Pressure is mounting on the Republican Party of Virginia to reconsider a loyalty oath required from voters in this year's presidential primary, scheduled for March 6. The American Civil Liberties Union of Virginia is threatening legal action if the party does not drop the oath.
Under the requirement, voters casting ballots in Virginia's Republican presidential primary will have to sign a promise to support the party's eventual nominee. In a letter to the state GOP, the ACLU of Virginia's Legal Director Rebecca Glenberg calls that unconstitutional. She suggests it undermines a voter's right to a secret ballot and may chill voter participation.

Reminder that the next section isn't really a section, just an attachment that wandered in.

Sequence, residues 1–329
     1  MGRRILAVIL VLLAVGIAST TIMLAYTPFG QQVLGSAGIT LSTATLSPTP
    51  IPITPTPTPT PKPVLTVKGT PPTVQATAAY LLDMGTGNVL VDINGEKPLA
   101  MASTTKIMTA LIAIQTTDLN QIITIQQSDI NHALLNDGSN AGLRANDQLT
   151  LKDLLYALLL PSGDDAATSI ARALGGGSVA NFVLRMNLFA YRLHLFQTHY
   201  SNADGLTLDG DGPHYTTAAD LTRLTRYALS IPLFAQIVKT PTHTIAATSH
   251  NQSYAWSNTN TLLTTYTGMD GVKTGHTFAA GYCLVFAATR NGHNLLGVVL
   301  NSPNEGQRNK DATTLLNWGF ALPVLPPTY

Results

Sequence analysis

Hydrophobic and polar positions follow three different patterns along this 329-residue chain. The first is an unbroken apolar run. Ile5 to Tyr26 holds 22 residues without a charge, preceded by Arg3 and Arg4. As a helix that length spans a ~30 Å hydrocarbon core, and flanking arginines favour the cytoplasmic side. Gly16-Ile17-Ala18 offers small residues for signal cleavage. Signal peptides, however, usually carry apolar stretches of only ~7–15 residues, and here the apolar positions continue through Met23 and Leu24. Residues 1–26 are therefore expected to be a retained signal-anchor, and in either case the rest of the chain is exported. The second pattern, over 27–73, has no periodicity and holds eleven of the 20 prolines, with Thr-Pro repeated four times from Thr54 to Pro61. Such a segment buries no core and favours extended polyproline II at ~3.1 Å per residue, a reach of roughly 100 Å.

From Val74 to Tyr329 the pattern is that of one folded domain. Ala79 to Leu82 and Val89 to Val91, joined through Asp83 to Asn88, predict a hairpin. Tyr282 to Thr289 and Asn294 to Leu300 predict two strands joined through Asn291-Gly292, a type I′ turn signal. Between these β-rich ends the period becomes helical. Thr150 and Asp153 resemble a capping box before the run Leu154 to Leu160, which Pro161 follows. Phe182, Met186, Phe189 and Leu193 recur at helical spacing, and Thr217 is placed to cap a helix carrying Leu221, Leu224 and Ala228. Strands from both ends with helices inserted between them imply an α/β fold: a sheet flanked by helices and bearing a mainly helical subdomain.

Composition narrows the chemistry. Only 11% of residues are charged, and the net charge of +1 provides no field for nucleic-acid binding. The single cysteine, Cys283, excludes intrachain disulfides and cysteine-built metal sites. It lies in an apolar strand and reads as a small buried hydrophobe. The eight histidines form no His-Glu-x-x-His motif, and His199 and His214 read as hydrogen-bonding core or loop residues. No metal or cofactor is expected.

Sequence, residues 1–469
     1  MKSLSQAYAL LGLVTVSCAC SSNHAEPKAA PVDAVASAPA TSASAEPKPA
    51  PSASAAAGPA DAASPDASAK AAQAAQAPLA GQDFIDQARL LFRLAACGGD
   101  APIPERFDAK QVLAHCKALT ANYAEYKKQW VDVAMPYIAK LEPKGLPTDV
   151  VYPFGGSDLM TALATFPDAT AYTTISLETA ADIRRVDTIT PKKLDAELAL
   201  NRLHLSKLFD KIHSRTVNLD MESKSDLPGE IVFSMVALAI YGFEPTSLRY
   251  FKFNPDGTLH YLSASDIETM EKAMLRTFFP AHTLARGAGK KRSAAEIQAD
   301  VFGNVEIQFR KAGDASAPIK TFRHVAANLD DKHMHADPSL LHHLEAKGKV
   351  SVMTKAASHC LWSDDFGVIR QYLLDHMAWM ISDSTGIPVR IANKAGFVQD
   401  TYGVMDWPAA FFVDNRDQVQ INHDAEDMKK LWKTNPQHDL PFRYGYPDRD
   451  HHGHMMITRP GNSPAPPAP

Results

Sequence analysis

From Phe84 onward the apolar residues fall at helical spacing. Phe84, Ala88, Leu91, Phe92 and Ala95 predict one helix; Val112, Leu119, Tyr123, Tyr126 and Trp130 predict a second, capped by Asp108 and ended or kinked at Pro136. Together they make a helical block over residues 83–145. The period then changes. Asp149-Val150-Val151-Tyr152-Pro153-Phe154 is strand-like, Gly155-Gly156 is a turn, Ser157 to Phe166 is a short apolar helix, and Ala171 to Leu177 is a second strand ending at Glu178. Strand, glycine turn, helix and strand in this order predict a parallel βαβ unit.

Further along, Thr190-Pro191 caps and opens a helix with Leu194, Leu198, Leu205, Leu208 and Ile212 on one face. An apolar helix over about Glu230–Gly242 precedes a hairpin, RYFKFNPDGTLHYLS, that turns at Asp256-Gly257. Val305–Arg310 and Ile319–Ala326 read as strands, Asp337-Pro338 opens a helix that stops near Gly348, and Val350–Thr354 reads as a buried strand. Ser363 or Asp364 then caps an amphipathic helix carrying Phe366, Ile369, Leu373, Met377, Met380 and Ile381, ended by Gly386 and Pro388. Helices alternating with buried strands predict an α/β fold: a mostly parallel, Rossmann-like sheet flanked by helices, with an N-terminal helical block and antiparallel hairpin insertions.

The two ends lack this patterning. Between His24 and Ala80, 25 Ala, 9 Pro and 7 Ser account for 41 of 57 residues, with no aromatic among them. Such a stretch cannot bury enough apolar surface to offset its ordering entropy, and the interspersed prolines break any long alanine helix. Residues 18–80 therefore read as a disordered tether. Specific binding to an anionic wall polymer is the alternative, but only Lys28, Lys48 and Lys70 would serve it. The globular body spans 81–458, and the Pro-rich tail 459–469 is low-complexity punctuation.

In a statement, the Virginia ACLU says the Republican Party could require a loyalty oath if it chose to use a convention or caucus method, but not as part of a state-funded, state-run primary.
Virginia's Republican Central Committee is expected to reconsider the issue at a meeting on Jan. 21. Chairman Pat Mullins says the bigger issue is the need for party registration in the Commonwealth.
2ACLU Prepares to Mount Legal Challenge to Loyalty Oath Requirement for Primary Voters